In likewise manner, Azuri Technologies also launched a $20 million off-balance-sheet debt financing program to provide working capital for its expansion in East Africa. As of January 2018, it had already closed its first phase of $4 million. It was funded by the European Union’s ElectriFI program and TRINE, an impact investment platform.
Data from the IFC shows that organizations who reduce the share of their operational expenses over revenue from 25% to 15% slash the loans or financing they require in the first place. Such startups can be sustained by their own cash in the long run, regardless of a growth decline. Therefore, to reduce operational costs, off-grid startups now use more efficient operational models. Startups are now choosing to focus on specific aspects of the value chain to avoid incurring high costs. For example, some companies have decided not to manufacture solar products but instead focus on distribution and consumer financing. This allows them to get solar products at competitive rates and helps them benefit from any reduction in prices.
Payment defaults can be challenging for startups and investors alike. The survival of a PAYG solar startup partly depends on its ability to successfully collect payments from its customers. Otherwise, securitization or any other financing model cannot help. Start-ups often use credit scoring and risk analysis to identify what customer is likely to default. “We see ourselves as an energy service company, but we understand the importance of having a strong credit department. That’s why we’re increasing our investments into credit scoring and understanding customer finances — for example, how crop cycles affect cash flows and how our offerings should take those cash flows into account,” said Paul Warnars, Consumer and Market Intelligence Manager, Zola Electric.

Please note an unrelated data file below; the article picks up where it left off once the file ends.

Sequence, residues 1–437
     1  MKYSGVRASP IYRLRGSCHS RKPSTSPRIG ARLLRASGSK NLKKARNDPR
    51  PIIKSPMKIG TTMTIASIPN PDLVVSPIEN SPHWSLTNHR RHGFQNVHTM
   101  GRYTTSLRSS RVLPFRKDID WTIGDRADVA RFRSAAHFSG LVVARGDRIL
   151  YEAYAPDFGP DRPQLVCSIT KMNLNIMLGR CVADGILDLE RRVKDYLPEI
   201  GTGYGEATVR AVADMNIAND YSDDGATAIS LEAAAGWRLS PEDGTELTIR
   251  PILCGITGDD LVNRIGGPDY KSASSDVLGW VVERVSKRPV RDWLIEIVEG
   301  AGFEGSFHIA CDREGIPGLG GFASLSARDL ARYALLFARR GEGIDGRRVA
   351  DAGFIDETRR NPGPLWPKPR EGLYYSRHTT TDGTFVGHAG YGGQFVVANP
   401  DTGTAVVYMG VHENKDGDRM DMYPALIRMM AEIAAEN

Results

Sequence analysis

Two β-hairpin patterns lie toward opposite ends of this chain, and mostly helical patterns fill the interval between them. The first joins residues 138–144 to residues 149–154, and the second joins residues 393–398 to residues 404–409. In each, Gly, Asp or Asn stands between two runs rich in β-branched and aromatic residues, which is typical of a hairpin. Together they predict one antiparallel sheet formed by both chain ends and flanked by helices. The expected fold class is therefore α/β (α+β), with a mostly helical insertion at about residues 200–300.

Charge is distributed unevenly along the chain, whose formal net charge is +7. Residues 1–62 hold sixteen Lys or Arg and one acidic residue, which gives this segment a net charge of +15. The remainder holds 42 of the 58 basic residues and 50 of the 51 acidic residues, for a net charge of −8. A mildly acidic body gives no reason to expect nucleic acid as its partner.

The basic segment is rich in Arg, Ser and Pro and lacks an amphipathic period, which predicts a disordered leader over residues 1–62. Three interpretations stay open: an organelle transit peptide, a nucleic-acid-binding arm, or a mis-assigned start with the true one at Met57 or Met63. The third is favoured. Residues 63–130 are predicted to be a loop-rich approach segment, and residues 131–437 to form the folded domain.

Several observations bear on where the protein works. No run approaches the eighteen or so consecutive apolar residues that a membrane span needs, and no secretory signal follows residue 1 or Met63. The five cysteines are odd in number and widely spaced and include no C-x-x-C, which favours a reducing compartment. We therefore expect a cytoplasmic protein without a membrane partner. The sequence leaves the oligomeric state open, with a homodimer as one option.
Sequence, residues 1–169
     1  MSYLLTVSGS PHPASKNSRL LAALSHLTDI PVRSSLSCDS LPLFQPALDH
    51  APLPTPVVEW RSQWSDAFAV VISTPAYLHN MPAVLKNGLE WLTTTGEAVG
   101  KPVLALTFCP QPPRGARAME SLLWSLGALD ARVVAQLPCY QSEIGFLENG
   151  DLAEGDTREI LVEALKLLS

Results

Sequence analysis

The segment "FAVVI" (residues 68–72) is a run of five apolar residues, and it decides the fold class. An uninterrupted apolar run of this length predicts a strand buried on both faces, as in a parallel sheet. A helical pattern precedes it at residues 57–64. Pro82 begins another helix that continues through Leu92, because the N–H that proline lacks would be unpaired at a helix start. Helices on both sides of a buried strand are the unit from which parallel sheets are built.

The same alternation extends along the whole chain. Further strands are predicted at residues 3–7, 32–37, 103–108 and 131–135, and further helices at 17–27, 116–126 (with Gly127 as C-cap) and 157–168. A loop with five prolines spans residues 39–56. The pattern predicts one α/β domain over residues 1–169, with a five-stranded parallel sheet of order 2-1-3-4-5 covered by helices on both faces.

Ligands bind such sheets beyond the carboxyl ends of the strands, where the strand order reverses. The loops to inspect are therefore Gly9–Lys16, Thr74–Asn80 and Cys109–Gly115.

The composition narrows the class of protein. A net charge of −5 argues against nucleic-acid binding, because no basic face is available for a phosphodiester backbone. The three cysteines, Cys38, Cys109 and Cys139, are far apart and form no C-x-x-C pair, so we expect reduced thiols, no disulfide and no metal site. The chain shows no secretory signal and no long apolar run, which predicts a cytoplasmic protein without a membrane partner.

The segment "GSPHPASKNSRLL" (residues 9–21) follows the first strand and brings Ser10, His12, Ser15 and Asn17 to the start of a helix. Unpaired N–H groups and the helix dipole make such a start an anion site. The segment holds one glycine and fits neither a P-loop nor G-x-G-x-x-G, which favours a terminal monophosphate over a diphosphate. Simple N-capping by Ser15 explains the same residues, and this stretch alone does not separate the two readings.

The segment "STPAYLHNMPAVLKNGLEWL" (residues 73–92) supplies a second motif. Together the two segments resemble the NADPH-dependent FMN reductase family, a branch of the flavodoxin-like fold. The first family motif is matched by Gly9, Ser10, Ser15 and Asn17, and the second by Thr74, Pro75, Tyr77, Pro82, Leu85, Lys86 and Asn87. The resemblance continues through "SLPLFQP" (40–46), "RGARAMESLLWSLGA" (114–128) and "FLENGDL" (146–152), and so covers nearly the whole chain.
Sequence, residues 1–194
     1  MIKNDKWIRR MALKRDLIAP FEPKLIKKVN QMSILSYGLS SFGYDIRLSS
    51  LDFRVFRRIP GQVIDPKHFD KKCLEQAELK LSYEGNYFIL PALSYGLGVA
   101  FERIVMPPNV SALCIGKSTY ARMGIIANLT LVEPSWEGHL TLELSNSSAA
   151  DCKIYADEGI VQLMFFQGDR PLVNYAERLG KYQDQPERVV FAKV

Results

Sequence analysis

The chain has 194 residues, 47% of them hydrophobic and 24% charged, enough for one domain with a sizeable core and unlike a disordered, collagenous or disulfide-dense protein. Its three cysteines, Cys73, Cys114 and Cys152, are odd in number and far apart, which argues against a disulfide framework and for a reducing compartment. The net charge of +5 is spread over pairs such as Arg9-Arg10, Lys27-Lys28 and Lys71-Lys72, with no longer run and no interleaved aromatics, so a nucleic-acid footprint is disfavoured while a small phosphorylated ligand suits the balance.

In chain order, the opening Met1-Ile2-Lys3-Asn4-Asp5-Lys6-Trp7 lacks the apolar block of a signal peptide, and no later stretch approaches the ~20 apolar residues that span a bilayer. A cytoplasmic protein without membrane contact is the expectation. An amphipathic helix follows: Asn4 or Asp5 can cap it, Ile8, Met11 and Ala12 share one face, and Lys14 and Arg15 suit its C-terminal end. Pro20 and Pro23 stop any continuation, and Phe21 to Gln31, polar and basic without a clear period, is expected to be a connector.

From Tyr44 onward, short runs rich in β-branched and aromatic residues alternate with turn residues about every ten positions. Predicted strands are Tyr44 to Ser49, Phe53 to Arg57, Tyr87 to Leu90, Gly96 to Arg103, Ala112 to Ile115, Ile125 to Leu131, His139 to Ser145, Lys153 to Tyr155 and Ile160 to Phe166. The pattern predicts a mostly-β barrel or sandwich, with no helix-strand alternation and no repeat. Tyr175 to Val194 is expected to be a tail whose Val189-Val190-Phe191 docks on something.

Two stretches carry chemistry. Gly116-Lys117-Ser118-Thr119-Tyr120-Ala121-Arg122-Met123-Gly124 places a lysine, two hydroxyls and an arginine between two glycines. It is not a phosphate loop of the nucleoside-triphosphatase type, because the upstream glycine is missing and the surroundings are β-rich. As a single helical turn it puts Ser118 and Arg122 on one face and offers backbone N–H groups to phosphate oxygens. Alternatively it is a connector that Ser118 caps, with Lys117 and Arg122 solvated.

Investors look out for companies who have data on customers credit profiles. “We are looking for companies that have a focus on improving payment behaviors,” says David ten Kroode, Renewable Energy Manager at Oikocredit. “We spend a lot of time analyzing how clients behave, if they are late on their payment and if they are coming back. We look at how many write-offs exist, what happens with systems that are being reclaimed from customers that stop paying? Is there a mechanism of redeploying those systems? We focus on the quality of those receivables.”
Another side to this, according to Ten Kroode, is ensuring that companies have good consumer protection policies. Some off-grid solar companies are beginning to offer larger systems like TV, fridges etc. Consumers move from their basic lighting systems to sign up for these larger systems. Without good consumer protection policies, they will default on payments because they did not fully understand what they were getting into. “We specifically look for companies that apply good client protection principles,” says Kroode. “You don’t want to sell systems that customers do not need or cannot pay for because they don’t understand what it entails.”
Solar home systems present an opportunity to connect the 600 million people in Africa without power with basic electricity. To do this, start-ups are now looking to innovative financing approaches like securitization to help them reach those who will normally be unable to afford these systems. As more start-ups adopt these approaches and refine their operational and business models they will able to reach more households in a shorter time.